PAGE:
Prenatal exposure to bisphenol A impairs predator odor-induced fear behavior in young rat offspring.

  Vol. 41 (5) 2020 Neuro endocrinology letters Journal Article   2020; 41(5): 275-283 PubMed PMID:  33315342    Citation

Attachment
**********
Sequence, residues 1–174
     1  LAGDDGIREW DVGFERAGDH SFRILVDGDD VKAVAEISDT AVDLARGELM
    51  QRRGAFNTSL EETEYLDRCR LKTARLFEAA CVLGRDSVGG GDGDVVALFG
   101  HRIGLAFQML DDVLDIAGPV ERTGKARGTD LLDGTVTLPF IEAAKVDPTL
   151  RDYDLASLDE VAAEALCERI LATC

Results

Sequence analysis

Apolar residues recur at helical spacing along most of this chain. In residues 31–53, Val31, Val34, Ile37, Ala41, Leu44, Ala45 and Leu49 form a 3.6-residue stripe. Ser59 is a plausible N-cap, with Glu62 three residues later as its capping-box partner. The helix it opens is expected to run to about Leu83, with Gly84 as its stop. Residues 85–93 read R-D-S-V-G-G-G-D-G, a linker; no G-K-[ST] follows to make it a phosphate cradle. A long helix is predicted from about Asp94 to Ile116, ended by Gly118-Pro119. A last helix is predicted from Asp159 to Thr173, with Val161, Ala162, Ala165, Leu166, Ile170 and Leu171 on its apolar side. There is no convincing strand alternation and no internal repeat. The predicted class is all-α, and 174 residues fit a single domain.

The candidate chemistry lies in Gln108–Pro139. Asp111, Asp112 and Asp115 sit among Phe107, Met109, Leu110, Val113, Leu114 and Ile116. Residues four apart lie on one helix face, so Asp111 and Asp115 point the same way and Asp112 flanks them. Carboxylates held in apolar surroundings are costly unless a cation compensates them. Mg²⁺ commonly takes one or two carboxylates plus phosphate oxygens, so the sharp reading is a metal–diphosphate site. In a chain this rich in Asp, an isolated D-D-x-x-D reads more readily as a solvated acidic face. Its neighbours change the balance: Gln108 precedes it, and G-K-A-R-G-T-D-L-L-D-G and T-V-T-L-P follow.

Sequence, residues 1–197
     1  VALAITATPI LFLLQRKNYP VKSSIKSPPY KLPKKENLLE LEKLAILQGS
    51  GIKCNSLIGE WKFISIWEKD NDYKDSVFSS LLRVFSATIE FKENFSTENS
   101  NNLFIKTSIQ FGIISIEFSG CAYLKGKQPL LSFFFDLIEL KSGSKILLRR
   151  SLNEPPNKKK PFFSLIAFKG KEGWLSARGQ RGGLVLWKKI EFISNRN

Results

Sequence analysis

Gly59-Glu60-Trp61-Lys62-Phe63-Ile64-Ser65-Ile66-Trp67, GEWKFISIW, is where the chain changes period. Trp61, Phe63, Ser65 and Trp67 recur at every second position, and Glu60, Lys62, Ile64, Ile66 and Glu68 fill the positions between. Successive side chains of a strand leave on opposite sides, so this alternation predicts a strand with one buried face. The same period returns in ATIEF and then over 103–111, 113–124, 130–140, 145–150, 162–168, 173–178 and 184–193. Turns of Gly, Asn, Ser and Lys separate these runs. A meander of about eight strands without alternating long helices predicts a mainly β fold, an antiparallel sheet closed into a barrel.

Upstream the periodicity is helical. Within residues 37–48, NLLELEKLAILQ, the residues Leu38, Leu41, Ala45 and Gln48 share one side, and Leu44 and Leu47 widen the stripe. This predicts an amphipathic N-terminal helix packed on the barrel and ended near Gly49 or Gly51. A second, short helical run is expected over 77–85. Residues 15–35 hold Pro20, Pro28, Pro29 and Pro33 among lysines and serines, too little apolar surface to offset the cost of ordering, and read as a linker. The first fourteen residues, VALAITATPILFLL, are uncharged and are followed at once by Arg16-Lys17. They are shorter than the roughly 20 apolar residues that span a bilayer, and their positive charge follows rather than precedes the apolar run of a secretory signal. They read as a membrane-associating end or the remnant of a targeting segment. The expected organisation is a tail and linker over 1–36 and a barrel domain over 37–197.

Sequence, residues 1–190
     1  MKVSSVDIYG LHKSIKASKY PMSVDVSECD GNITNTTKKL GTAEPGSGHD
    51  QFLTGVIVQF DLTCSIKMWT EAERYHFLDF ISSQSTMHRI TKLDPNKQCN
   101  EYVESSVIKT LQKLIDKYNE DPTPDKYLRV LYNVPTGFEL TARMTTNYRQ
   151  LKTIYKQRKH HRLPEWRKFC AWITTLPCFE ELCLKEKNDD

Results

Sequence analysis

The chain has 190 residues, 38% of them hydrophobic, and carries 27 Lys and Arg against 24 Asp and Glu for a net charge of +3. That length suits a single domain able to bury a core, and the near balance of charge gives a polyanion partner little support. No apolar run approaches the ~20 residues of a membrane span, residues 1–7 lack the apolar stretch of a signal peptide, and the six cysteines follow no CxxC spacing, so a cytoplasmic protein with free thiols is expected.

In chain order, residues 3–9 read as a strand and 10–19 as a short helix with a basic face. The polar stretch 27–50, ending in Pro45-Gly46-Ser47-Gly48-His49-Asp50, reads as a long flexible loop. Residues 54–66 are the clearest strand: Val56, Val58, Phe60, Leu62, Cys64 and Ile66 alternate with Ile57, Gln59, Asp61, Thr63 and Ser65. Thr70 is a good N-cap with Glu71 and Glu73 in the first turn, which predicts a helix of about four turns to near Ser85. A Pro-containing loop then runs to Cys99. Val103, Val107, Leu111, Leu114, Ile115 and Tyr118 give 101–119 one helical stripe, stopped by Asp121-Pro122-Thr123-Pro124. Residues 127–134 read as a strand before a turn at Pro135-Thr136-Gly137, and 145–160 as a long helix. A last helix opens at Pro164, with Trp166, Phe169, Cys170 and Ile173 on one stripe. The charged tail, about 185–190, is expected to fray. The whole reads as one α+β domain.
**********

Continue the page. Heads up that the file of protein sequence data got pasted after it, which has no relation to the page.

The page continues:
OBJECTIVES: This study evaluated the changes in behaviors and the endocrine system in rat offspring at postnatal day 20 following prenatal exposure to bisphenol A (BPA), a major environmental endocrine disruptor. DESIGN: Using A predator odor (2,4,5-trimethylthiazoline [TMT]) as a stressor, I evaluate behavioral and endocrine responses to check whether the normal stress response is affected by BPA. MATERIALS AND METHODS: A low-dose group (BPA-L; 0.015 mg/kg/day) and a high-dose group (BPA-H; 1.5 mg/kg/day) were compared to assess dose dependency. The control group was not exposed to BPA. Spontaneous behaviors (rearing, ambulation, grooming, and freezing) were assessed in the presence or absence of TMT odor. RESULTS: In the control group, TMT odor increased freezing but not grooming behaviors. Conversely, in the BPA-H group, freezing was unchanged, but grooming behavior increased; however, increased freezing and grooming behaviors were observed following TMT odor exposure in the BPA-L group. In addition, blood corticosterone levels increased following TMT odor exposure in all three groups, but there was no difference between the BPA-exposure groups and the control group. Therefore, in the BPA-H group, despite the activation of the hypothalamus-pituitary-adrenal axis by TMT, freezing behavior did not increase, suggesting the absence of defensive behaviors. CONCLUSION: These findings suggest that prenatal exposure to high-dose BPA causes habituation to stress induced by the predator odor and alters the normal stress response in young rat offspring.

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